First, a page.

What Bad Breath Says About Your Dog’s Dental Health

We’ve all been there—that awkward moment when your dog goes to give you a kiss and you have to back away. Or those times when they’re panting in the car after a trip to the park and you have to roll all of the windows down to get the smell out. Dog lovers are no strangers to stinky breath, but what causes bad breath? Should you be worried if your dog’s breath smells unusually bad? 

Sometimes bad breath is a sign of an underlying health problem, gum disease, or dental trauma. Dr. Tony Woodward at Montana Pet Dentistry and Oral Surgery has over 20 years experience treating pets for dental issues big and small. Read on to learn more about what your dog’s bad breath says about their health. 

What Causes Bad Dog Breath?

There are many things that can lead to very stinky breath in dogs, from the type of food they eat to whatever garbage, dead animals, or feces they might find outside. However, there are several dental and health problems that can be accompanied by persistent, extreme bad breath (halitosis). 

Gum Disease and Tooth Decay

When humans go without brushing their teeth for long periods of time, their breath can get really stinky! The same thing happens to dogs—foul breath is most commonly caused by plaque, tartar, and bacteria buildup in your dog’s mouth. In many cases, there are deep defects in the bone where the bad-smelling bacteria can hide. These areas of damaged bone are termed “periodontal pockets”.

Daily brushing gets rid of odor-causing bacteria and helps to prevent periodontal disease. You should brush your dog’s teeth twice daily to maintain optimum oral health and prevent bad breath—it’s a win-win! It is easy to do in the vast majority of dogs and we are happy to show you how.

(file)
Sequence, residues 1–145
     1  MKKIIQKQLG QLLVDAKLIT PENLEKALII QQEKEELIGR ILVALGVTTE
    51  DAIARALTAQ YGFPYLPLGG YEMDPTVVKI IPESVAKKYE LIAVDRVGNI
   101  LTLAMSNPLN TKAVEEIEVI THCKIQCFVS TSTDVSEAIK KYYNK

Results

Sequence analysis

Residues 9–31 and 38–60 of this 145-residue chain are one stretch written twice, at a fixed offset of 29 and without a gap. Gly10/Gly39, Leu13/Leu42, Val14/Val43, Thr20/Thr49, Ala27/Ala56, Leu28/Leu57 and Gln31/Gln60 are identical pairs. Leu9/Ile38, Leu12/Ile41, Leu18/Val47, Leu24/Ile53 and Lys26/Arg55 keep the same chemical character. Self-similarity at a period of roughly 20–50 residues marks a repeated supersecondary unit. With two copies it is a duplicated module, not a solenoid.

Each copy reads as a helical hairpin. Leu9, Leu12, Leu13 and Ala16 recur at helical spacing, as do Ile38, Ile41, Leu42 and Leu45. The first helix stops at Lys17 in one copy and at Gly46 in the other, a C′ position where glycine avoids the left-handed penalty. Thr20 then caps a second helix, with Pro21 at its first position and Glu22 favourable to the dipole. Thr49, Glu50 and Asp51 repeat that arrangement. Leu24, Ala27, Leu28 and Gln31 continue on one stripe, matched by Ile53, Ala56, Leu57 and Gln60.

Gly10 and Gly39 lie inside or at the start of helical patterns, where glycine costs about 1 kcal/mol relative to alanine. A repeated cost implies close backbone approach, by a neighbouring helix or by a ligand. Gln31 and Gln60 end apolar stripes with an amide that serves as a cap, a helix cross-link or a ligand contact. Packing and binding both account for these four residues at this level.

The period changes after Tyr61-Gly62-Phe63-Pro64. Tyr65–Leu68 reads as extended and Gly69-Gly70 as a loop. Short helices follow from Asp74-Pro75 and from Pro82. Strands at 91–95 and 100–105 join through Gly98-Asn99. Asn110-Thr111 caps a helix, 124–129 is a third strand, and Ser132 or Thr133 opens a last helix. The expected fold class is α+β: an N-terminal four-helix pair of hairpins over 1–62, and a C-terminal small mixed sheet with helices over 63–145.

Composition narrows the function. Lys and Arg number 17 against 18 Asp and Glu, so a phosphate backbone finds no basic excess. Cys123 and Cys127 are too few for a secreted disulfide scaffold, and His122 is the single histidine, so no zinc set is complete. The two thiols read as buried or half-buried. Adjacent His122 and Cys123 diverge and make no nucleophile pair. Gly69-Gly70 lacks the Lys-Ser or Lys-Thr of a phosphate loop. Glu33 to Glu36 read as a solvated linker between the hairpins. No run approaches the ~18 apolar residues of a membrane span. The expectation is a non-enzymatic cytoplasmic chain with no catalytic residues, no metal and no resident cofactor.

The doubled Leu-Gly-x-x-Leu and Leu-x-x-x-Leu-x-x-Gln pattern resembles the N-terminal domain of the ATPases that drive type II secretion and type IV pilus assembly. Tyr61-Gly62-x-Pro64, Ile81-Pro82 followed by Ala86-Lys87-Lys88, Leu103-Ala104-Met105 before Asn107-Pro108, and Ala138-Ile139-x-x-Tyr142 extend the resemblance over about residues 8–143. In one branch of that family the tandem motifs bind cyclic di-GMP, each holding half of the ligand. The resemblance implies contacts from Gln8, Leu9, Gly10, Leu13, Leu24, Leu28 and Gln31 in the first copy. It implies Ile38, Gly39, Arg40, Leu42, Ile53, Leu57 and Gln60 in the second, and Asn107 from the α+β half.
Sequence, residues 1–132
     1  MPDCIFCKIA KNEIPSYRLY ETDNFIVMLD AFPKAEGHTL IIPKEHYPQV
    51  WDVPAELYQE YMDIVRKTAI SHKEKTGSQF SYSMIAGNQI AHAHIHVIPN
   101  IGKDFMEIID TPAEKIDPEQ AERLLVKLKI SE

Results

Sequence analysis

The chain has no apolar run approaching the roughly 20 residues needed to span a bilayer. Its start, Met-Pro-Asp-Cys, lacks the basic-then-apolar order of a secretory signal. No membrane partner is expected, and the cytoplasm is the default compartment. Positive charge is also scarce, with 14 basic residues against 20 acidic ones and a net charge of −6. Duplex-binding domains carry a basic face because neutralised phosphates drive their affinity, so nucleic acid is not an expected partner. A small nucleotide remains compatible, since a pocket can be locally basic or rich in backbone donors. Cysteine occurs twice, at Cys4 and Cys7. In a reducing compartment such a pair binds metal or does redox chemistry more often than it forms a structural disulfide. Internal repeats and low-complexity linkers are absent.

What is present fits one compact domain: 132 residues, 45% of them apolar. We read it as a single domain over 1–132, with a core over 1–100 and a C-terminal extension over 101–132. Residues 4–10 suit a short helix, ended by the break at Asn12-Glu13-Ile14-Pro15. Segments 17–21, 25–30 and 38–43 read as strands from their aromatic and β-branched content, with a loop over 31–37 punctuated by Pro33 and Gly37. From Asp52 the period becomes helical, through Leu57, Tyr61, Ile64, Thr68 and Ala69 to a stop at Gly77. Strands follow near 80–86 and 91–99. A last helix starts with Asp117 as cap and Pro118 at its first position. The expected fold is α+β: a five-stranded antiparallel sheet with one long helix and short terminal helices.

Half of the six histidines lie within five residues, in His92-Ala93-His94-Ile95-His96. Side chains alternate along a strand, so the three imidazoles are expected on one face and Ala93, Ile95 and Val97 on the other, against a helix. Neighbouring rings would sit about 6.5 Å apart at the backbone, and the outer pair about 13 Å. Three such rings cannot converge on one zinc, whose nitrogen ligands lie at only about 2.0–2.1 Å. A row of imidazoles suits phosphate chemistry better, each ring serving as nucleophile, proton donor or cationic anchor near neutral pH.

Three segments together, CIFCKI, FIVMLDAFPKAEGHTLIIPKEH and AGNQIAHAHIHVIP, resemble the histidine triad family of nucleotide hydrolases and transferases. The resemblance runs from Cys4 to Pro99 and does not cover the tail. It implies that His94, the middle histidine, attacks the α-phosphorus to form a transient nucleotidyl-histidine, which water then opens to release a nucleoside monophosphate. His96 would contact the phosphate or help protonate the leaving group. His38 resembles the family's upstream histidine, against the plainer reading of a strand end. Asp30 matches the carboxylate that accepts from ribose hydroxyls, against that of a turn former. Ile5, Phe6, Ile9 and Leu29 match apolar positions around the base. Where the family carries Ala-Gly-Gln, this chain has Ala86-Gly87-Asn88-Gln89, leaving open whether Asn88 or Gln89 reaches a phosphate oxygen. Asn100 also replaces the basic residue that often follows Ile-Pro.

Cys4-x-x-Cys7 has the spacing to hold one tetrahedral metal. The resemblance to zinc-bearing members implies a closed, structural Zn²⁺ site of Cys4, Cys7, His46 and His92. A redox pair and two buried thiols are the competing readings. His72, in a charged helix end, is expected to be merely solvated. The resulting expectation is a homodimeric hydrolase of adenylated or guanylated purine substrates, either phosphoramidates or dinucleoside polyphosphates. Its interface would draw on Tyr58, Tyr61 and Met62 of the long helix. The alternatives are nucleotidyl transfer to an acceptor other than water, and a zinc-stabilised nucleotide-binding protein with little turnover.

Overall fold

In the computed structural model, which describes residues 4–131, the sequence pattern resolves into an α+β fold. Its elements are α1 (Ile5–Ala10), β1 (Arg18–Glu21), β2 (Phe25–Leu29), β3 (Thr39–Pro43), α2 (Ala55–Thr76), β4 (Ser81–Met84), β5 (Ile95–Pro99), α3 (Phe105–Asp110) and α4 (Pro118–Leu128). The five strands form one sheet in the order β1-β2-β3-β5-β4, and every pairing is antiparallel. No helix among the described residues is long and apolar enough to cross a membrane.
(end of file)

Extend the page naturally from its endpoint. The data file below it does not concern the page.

Diabetes and Kidney Disease

Some breath odors are due to problems other than dental disease. If you notice that your dog’s breath smells sweet or fruity, it could be a sign that they have canine diabetes. Make an appointment with your veterinarian, and keep an eye out for other signs of diabetes like more frequent drinking and urination. 

If your dog’s breath smells like urine, it could be a warning sign of kidney disease. Kidney disease is very serious and often fatal. If bad breath is accompanied by other symptoms of kidney disease, you should visit your veterinarian as soon as possible. 

How To Treat Bad Dog Breath

Treatment for your dog’s bad breath depends on the cause. In most cases, dental disease is the culprit and is first addressed with a complete dental cleaning and dental x-rays. Once any existing problems are corrected, regular home care will help prevent the recurrence of the smell.  This will include, brushing your dog’s teeth more often in order to kill those odor-causing bacteria by slowing down plaque and tartar buildup. There are also mouth rinses and other products that can dramatically improve your pet’s breath.

If your dog’s bad breath is caused by the things they eat outside, such as roadkill or feces, they may need stricter supervision. If the bad breath is caused by systemic disease, treating the disease appropriately should help resolve the issue. 

Do You Need a Board-Certified Veterinary Dentist in Bozeman?

If you’ve tried everything to get rid of your dog’s bad breath but it just won’t go away, come to Montana Pet Dentistry and Oral Surgery. We can help find the cause of your pup’s halitosis, so that you can get back to regular puppy kisses without the bad breath. Dr. Tony Woodward is on site at our Bozeman office four days a week. Give us a call to schedule your appointment today.